AR character Dr Woozo educates about asthma MTM

AR character Dr Woozo educates about asthma

Image credit: Orbital Media

The creators of a new AR app hope it will save lives and improve the experience of millions of children suffering from asthma by teaching correct inhaler usage.

MySpira, designed in collaboration between English-based Orbital Media and the University of Suffolk, features Dr Woozo, an AR character who arrives in a rocket to teach children all about asthma.

The app includes eight modules that use AR and gameplay to appeal to the many young asthma sufferers in Britain.

“Asthma affects 5.4 million people in the UK, 1.1 million of whom are children, and costs the NHS £1.1 bn per annum. Our vision was to develop an application to improve educational content which would ultimately cut the number of preventable child deaths,” said Peter Brady, CEO of Orbital Media.

Orbital said 93% of asthma sufferers were using their inhalers incorrectly, a view shared by University of Suffolk Professor Mohamed Abdel-Maguid, Dean of the School of Science, Technology and Engineering.

“The instructions on how to use an inhaler correctly for asthmatic children doesn’t appear to be that complex yet millions of children across the globe lose quality of life as a consequence of incorrect use of inhalers,” said Abdel-Maguid.

Orbital and the university hope the app, which costs £0.99 to download, will appeal to asthma patients, schools, pharmacists, GP surgeries and hospitals as a more effective way of spreading best practice among children.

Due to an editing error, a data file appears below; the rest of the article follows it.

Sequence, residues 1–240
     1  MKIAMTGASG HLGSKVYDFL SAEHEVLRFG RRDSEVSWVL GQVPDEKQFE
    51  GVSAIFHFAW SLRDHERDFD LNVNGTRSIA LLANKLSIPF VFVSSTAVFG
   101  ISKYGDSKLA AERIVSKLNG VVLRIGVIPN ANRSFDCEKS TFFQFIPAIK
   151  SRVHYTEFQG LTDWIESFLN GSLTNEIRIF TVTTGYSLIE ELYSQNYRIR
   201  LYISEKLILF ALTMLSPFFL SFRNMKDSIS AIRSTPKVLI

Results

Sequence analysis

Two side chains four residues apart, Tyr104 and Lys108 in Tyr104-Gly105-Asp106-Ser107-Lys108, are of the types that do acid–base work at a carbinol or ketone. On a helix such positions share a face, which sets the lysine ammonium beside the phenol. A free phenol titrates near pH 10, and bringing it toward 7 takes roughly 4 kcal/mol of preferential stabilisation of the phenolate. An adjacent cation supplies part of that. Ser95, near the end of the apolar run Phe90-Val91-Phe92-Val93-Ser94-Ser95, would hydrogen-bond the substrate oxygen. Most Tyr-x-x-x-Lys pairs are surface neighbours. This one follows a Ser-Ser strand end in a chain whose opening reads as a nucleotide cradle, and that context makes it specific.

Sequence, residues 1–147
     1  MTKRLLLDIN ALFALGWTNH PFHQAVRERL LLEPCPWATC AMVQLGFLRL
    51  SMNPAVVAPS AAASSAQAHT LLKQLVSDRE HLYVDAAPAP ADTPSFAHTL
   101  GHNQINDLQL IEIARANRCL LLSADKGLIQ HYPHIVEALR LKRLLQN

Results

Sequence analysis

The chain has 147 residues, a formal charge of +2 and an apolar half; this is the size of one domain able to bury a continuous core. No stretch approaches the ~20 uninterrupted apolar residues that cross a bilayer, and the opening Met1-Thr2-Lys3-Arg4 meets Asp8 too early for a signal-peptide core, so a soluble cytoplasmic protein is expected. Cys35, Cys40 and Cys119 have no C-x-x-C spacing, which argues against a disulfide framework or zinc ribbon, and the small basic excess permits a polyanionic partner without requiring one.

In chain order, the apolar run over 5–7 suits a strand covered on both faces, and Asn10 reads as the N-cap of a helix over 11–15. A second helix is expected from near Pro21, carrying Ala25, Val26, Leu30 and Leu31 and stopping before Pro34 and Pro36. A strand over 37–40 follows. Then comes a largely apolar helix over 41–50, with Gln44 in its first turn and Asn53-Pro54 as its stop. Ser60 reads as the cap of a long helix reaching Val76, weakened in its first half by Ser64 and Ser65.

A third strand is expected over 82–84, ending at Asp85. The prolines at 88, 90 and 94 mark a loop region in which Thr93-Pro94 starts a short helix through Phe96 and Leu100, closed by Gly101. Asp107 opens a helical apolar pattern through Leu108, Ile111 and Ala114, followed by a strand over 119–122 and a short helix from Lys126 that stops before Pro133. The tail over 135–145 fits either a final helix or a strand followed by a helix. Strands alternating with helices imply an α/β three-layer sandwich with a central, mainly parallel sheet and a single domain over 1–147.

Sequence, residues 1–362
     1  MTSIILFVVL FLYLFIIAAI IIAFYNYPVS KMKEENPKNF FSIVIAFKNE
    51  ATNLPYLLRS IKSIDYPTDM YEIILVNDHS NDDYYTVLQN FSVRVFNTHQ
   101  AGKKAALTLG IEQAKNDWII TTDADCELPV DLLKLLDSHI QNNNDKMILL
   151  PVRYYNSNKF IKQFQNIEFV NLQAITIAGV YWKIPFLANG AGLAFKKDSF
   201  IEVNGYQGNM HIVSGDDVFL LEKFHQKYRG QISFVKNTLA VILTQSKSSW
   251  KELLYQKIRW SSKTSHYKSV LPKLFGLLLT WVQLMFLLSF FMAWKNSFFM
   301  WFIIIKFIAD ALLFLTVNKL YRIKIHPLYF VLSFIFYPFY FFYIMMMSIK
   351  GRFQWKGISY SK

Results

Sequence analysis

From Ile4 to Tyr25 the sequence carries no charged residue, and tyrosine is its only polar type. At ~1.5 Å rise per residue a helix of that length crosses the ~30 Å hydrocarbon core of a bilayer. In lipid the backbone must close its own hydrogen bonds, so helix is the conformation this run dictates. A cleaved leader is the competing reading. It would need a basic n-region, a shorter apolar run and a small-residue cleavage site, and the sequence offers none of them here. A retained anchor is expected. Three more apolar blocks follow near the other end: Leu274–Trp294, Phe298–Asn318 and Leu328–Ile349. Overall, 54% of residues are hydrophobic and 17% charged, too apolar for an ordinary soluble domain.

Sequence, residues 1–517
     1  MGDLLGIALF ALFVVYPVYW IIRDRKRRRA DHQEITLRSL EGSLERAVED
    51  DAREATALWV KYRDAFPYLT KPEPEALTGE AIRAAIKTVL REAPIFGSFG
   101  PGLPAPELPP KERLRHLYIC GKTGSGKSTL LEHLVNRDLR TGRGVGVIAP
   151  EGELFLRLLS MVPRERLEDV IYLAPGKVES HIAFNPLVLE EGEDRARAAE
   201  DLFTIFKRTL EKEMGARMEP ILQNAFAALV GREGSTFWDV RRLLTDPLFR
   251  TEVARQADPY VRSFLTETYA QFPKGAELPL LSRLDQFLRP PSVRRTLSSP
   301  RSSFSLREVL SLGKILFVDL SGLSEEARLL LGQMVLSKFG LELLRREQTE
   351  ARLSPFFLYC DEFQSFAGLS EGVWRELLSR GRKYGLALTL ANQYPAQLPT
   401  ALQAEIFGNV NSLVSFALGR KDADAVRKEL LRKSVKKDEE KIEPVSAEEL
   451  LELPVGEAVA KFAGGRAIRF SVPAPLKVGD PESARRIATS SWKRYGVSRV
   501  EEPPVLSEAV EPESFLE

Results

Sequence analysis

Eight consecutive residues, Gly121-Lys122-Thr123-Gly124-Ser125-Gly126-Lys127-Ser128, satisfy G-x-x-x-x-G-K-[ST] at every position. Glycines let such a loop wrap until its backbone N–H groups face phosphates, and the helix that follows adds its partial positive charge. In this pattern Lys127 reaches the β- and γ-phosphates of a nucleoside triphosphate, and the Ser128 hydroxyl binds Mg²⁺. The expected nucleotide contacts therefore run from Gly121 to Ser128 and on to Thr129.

Image credit: Orbital Media

A recent study by the University found MySpira rated 26% better than videos and 70% better than leaflets of asthma education among a group of children between 6 and 13 years old.

Orbital and the University called up medical experts when creating the app. Karyn McBride, an asthma nurse, acted as a medical adviser during the design phase.

“A good inhaler technique significantly cuts the risk of having an asthma attack – if your technique isn’t correct, you might not be getting the full dose of medicine prescribed,” she said.

“Common mistakes I see include inadequate shaking of canister before inhalation, inhaling too fast or too slowly and not using it at the right angle. I’ve even seen somebody leave the cap on! There is a real
need for better – and modernised – education, so patients, including children, can take control of their asthma.”